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Crack/cocaine abusers in the general hospital: assessment and initiation of care
Am J Psychiatry 1992;149:810-815.
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Abstract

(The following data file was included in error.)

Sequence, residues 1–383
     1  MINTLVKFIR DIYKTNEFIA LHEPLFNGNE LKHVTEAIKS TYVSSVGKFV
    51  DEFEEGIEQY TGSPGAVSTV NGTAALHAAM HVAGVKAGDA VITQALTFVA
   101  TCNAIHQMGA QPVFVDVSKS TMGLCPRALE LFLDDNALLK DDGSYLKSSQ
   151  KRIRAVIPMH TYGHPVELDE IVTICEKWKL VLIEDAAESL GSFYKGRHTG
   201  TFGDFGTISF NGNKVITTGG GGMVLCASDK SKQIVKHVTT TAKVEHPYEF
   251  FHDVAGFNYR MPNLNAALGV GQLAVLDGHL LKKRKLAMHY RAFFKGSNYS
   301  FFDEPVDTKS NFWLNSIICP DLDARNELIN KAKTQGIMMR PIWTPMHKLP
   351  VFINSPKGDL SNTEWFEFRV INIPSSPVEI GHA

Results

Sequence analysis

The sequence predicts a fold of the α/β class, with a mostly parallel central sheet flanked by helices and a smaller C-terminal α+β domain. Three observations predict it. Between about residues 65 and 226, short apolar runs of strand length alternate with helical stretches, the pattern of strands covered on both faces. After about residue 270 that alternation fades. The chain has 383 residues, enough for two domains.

OBJECTIVE: Cocaine, either smoked (as "crack") or taken intranasally, is now a common cause of psychiatric illness. This study was designed to assess the impact of cocaine abuse on a general psychiatric service and an obstetrics service in an urban general hospital and to evaluate a program for engaging affected patients in addiction treatment. METHOD: The charts of 300 general psychiatric patients (not admitted for addiction treatment) and 60 cocaine-abusing prenatal or postpartum patients were reviewed. A treatment referral program based on professionally directed peer leadership was established for patients with cocaine abuse. Results of evaluation and referral of 100 other cocaine-abusing psychiatric patients and the 60 prenatal or postpartum patients were then determined. RESULTS: Fully 64% (N = 191) of the 300 psychiatric patients were diagnosed as substance abusers; 38% (N = 113) of them abused cocaine. Almost one-third of these cocaine abusers had no axis I diagnosis other than substance abuse/dependence, and the majority were homeless. Urine samples were positive for cocaine in a majority of the obstetric patients studied. A majority of the psychiatric patients who were referred through the peer-led program enrolled in outpatient cocaine treatment--three times as many as in the chart review group. Most of the obstetric patients suitable for referral enrolled for treatment as well. CONCLUSIONS: Cocaine abuse may be responsible for a large portion of psychiatric admissions in urban public general hospitals. Cocaine abusers in psychiatric and obstetrics services are apparently responsive to a peer-oriented mode of referral into treatment.

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